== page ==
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Really worried about friend in possible romance scam

(221 Posts)
SlumberingDormouse Sun 28-Jul-13 15:03:48

I've just heard something from a good friend that has really worried me and I would like to hear others' opinions.

A bit of background: My friend has been very lonely since her divorce in February (the marriage was, by her own admission, a disaster and only lasted a year). She has always been the sort of person who jumps into relationships.

The current situation: She has met someone on a dating site, whom she has been talking to for 3 months. He claims to be in the US army currently based abroad. She says that he must be genuine because they have spoken on webcam on Skype. However, to me that is not conclusive proof that he is legitimate. I am aware that scams involving fake US soldiers are very common.

What's really scaring me is that this man is coming to stay with my friend for a week very soon! She has never met him before! He claims to have a house nearby but 'doesn't want to be alone' so he's staying with my friend. This is after he supposedly returns from his last army placement to retire.

To me, there are a lot of red flags here. I think my friend is absolutely crazy and I am terrified for her safety - but she insists she is in love with this man and knows him well.

Any advice would be welcome please.

McBalls Sun 28-Jul-13 15:07:21

Terrified? Really?

SlumberingDormouse Sun 28-Jul-13 15:09:51

Yes. She's having a man whom she's never met before flying halfway across the world to stay in her home for a week while she goes to work. She is desperate for love and therefore vulnerable in my opinion.

Roshbegosh Sun 28-Jul-13 15:10:43

I would worry when she has to send him his air fare because of some drama or other.

LemonPeculiarJones Sun 28-Jul-13 15:11:16

That does sound very worrying. Can you talk to her about putting some boundaries in place?

Sounds like he's hinting that he'll be back for good from the army and wants to just cocklodge with her confused

SlumberingDormouse Sun 28-Jul-13 15:11:37

(a man whose identity my friend cannot verify as his work is so 'top secret' hmm)

LemonPeculiarJones Sun 28-Jul-13 15:12:12

Yes await the request for cash and then insist she deconstructs this infatuation.

SlumberingDormouse Sun 28-Jul-13 15:12:57

He is supposedly coming home for good. What I really don't understand is that he claims to own a house within 10 miles of my friend's flat - so why on earth can't they just go on a date first?!

bluehearted Sun 28-Jul-13 15:14:18

I know a friend who was in a "relationship" with an American soldier and he kept on saying he'd show up... Tomorrow... But then he'd be "sent away" then he'd push it back and he never showed up!! It might be similar for your friend. I'm afraid she won't listen to you... These men are very good at making women fall in love with them, she will believe everything he says but I would guess that he won't actually show up!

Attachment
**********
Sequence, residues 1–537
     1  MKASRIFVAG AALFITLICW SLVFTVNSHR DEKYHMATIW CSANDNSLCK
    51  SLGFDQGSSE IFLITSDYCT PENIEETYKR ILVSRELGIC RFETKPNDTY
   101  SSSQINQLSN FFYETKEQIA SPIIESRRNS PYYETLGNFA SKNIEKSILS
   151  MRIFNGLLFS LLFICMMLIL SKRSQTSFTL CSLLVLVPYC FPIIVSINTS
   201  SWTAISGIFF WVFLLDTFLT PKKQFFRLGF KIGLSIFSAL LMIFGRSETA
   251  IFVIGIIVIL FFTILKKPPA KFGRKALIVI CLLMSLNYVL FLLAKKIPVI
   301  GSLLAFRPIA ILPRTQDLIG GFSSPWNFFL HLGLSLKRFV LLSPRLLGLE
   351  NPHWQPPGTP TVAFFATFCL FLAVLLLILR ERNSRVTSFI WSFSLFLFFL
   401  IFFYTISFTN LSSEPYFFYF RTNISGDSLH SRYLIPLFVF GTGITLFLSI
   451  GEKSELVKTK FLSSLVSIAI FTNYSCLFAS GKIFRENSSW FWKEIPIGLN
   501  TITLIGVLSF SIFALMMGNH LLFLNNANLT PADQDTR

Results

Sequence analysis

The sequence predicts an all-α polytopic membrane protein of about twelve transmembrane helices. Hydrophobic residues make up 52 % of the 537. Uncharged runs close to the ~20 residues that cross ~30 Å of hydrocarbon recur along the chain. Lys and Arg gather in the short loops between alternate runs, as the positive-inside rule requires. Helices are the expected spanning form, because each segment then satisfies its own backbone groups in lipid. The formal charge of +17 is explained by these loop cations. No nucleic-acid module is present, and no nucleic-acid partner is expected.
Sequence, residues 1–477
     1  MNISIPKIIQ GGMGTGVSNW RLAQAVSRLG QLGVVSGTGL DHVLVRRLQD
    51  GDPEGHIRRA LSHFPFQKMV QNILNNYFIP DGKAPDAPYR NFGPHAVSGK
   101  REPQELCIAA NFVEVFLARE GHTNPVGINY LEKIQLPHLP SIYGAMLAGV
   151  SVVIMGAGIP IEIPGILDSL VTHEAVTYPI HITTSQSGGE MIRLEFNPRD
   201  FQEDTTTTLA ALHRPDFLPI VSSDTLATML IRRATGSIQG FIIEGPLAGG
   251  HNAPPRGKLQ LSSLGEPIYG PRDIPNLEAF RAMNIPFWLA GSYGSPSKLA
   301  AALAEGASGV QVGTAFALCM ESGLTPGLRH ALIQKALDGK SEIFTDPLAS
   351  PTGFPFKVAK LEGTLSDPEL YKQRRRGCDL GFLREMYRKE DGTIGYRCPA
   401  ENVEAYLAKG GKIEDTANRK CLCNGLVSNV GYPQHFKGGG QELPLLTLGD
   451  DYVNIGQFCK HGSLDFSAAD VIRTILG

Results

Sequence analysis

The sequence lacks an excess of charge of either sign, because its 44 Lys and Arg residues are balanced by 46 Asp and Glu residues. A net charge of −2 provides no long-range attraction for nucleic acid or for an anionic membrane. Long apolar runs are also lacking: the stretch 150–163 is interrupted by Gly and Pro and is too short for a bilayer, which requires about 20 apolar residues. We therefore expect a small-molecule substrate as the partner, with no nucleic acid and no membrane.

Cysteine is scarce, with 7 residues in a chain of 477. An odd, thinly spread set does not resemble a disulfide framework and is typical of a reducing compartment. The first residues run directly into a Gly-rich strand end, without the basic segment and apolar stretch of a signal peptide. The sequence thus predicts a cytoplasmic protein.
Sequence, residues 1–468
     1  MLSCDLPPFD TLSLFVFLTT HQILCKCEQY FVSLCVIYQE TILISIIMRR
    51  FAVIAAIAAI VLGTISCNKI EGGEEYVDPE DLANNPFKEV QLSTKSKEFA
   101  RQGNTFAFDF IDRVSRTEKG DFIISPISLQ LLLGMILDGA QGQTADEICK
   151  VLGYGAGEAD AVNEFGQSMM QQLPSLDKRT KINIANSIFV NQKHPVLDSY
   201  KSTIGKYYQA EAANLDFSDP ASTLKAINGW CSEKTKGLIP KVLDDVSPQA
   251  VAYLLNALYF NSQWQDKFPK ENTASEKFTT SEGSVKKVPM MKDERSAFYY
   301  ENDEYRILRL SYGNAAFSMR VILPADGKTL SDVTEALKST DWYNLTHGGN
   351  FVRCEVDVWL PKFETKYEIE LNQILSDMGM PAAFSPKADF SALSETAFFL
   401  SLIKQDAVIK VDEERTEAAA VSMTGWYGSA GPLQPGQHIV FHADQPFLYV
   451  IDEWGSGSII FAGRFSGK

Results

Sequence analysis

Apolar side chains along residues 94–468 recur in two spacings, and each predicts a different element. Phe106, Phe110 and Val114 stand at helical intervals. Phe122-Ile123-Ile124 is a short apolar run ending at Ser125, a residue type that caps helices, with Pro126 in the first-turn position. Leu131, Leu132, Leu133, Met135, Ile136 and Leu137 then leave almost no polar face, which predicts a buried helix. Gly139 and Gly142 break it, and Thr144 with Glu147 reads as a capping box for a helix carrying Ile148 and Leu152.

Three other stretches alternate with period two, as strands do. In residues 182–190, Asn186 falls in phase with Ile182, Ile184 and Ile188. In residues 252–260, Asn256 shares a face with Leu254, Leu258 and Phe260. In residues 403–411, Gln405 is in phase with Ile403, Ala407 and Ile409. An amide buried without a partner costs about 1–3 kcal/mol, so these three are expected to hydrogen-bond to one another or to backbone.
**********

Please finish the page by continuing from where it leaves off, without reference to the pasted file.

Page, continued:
Is your friend in the US? If not then this does sound odd.

cozietoesie Sun 28-Jul-13 15:14:43

Here's a useful link for you/her. Are you in the States, OP? (If not, ask yourself why he would have a house in the UK.)

bluehearted Sun 28-Jul-13 15:16:28

Also, are you SURE she has spoken to him on Skype? My friend kept assuring us she had spoken to him on Skype but turned out in the end they never had! (I still reckon he was a 17 year old mucking about). Just a thought...

Roshbegosh Sun 28-Jul-13 15:16:42

I doubt he is in the US, is an American or is intending to come here. My guess is a guy in a Nigerian Internet cafe about to get a few hundred £ out of your friend. Just wait.

Roshbegosh Sun 28-Jul-13 15:21:08

Good link cozie. I would not be absolutely terrified for her physical safety but would warn her that it is a scam and he will ask for his fare or some other expense. The other thing is they gain your trust by transferring money to you and you then send to them in some other account but then your credit isn't cleared. Can't remember the exact details of that but people get fooled by a credit showing up in their account that is then removed.

FrequentFlyerRandomDent Sun 28-Jul-13 15:22:16

Have you told her?

De hs nothing to lose in removing investment, bank info and passports from her flat when he does come over. Better safe than sorry. Th can joke about it at their ruby wedding anniversary if it all goes well. But personally it sounds very dodgy.

My DH was in Iraq shortly after we met, and the security etc was high, but I had access to his flat, had met mates, etc.

SlumberingDormouse Sun 28-Jul-13 15:23:33

Hmm, that's what I was thinking. I suppose I had been thinking along the lines of worrying about this man actually turning up, but now I see it's equally likely he won't. I did think it very odd that he claims to be a US citizen with a house in the UK (where we are).

FrequentFlyerRandomDent Sun 28-Jul-13 15:23:44

There is nothing to lose... I meant to type.

meditrina Sun 28-Jul-13 15:26:09

Are you/she in US?